Your daily commute really opened your eyes to the dangers of distracted driving. You see it every single day.
In the morning, you see a lot of people getting ready in the car. Some do their makeup, others drink a cup of coffee and others eat their breakfast. They wake up too late and rush to work in our time-oriented culture, even when it's dangerous.
On the way home, you see people still working or starting their off time early. They take business calls on their cellphones. They text friends or family members. They browse social media sites while they drive. You have even watched people take selfies on the interstate at 75 miles per hour.
It worries you. How long will it be until one of these distracted drivers causes a serious accident and you get injured? You can't avoid that commute. You can't avoid the danger. What do the risks really look like?
To help you better understand the situation, here are 10 key facts:
- Teenagers get involved in more fatal distracted driving accidents than any other age group. Distraction causes about 58 percent of their total deadly accidents.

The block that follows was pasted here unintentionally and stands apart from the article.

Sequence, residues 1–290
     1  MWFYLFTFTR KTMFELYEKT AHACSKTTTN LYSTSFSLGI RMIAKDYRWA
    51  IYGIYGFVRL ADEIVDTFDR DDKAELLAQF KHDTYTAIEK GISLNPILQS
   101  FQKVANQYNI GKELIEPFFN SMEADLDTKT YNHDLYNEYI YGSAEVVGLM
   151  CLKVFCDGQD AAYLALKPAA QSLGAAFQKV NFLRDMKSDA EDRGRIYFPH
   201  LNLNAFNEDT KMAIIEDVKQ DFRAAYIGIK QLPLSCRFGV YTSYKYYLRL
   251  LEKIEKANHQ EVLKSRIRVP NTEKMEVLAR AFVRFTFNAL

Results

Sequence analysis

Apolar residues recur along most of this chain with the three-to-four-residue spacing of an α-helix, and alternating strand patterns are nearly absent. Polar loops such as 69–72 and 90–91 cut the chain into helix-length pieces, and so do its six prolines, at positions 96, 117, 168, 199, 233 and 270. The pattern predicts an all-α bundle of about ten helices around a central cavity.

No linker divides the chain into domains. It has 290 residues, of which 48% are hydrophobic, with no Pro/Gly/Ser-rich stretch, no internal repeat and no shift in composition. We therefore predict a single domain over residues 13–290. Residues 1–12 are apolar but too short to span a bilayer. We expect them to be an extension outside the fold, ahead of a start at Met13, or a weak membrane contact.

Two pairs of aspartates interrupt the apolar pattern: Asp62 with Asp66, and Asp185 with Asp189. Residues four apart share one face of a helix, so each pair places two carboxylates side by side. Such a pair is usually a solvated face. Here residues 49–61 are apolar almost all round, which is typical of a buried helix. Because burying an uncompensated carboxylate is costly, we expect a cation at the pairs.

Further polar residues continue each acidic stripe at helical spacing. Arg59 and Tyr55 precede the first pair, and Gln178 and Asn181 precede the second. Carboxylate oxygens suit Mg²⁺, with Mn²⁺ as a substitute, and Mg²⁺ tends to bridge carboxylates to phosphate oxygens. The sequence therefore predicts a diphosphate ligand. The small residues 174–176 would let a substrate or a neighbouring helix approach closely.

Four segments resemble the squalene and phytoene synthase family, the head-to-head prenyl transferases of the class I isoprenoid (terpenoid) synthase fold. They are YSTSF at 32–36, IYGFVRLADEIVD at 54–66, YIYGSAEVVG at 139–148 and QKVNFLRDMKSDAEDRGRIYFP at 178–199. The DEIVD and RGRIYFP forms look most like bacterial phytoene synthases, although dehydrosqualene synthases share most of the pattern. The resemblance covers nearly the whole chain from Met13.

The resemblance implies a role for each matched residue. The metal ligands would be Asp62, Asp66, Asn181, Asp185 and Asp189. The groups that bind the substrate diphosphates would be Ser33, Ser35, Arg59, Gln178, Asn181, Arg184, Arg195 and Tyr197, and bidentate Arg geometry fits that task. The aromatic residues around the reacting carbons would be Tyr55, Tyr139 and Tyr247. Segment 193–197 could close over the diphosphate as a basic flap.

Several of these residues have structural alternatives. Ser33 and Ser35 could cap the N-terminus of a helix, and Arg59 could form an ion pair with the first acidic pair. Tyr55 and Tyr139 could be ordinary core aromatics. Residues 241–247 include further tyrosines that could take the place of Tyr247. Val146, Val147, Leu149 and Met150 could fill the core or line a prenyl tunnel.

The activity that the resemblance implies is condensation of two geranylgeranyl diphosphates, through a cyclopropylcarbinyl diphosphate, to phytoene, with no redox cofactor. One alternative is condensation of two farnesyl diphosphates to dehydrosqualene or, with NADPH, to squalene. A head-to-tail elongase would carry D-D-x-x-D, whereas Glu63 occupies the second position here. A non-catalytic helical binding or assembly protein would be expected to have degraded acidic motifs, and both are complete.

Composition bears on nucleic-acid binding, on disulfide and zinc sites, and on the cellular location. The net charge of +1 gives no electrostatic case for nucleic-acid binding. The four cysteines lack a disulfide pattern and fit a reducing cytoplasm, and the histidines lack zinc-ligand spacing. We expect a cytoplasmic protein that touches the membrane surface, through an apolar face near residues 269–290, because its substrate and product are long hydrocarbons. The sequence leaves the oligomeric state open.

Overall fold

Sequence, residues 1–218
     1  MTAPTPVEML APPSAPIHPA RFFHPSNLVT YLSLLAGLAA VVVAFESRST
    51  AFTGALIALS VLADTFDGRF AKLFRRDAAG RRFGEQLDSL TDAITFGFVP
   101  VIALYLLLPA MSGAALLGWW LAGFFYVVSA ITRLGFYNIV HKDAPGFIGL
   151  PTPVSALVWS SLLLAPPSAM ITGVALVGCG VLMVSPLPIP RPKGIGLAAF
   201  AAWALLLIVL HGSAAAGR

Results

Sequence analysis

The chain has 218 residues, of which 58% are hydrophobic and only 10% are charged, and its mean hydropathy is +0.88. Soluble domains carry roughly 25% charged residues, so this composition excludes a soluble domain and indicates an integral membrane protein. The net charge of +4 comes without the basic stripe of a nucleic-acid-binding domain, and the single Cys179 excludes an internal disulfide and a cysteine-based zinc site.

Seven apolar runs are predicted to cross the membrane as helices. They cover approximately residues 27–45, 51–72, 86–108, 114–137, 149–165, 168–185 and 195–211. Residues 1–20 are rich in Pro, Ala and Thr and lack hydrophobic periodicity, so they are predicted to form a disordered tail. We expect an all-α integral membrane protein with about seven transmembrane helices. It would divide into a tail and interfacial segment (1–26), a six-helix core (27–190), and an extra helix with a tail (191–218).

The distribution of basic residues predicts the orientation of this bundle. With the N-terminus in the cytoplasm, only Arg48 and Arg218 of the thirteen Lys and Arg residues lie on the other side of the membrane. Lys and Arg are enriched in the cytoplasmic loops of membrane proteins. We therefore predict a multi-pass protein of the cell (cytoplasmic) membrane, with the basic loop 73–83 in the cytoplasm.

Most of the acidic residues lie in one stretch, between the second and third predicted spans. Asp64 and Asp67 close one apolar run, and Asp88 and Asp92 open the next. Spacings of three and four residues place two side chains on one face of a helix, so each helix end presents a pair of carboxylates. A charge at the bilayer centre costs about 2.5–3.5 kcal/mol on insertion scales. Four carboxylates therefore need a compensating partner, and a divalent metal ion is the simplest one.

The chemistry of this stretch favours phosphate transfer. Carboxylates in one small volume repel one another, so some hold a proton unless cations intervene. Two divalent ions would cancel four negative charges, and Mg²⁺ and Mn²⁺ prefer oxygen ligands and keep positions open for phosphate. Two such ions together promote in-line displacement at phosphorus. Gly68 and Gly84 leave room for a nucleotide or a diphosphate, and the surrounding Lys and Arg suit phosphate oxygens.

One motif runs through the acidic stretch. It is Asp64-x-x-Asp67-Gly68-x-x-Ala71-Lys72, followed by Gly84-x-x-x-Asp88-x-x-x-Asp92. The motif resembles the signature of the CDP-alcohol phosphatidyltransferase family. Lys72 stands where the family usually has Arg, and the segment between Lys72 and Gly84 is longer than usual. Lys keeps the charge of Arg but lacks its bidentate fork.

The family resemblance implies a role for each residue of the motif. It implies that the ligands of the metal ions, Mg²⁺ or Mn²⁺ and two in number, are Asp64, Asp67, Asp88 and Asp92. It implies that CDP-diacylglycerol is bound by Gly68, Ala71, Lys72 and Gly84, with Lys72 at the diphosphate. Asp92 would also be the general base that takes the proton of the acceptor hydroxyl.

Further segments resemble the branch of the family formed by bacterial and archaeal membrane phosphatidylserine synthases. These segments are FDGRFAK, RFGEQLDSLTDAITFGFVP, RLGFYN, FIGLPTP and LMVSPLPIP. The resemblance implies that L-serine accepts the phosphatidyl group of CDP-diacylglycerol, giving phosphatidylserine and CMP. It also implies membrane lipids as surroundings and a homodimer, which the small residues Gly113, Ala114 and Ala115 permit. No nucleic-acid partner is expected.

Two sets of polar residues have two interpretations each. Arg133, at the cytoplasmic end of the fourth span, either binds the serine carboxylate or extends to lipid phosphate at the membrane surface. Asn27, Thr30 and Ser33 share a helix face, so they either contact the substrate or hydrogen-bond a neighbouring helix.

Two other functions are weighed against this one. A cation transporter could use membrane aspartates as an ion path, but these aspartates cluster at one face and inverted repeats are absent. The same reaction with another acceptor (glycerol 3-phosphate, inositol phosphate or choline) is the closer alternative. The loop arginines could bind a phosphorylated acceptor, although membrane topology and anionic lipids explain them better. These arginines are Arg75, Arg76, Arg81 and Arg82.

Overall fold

- Overall, about 25 percent of total fatal accidents stem from distracted driving.
- Distracted driving takes nine lives every single day.
- One study found that distraction also led to 391,000 annual injuries, using 2015's data.
- Drivers can crash when they suffer distraction for no more than three seconds. Many people think that quick distractions are safe, but they do not have to take their eyes off the road for long to cause an accident.
- Most researchers think that all distracted driving statistics are too low since drivers may not report it and police often can't test for it. It could be more of an epidemic than it appears.
- Most drivers do it. In one study, more than 80 percent said they engaged in "blatantly hazardous behavior" like shaving, steering with their knees or trying to change their clothes while driving.
- Drunk driving has gotten less common over the decades, but overall fatalities have not fallen fast enough because distractions have increased.
- Overall travel numbers are also up, with people in the United States covering more miles than any previous generation, which means accident numbers have risen accordingly. More distracted drivers make the roads increasingly dangerous.
- Driving with multiple passengers can be incredibly distracting. Did you know that a teen driver who has two or more friends in the car is five times as likely to get involved in an accident?
As you can see, those distractions you witness on your commute are nothing to take lightly. If you get injured in an accident, make sure you know your legal rights.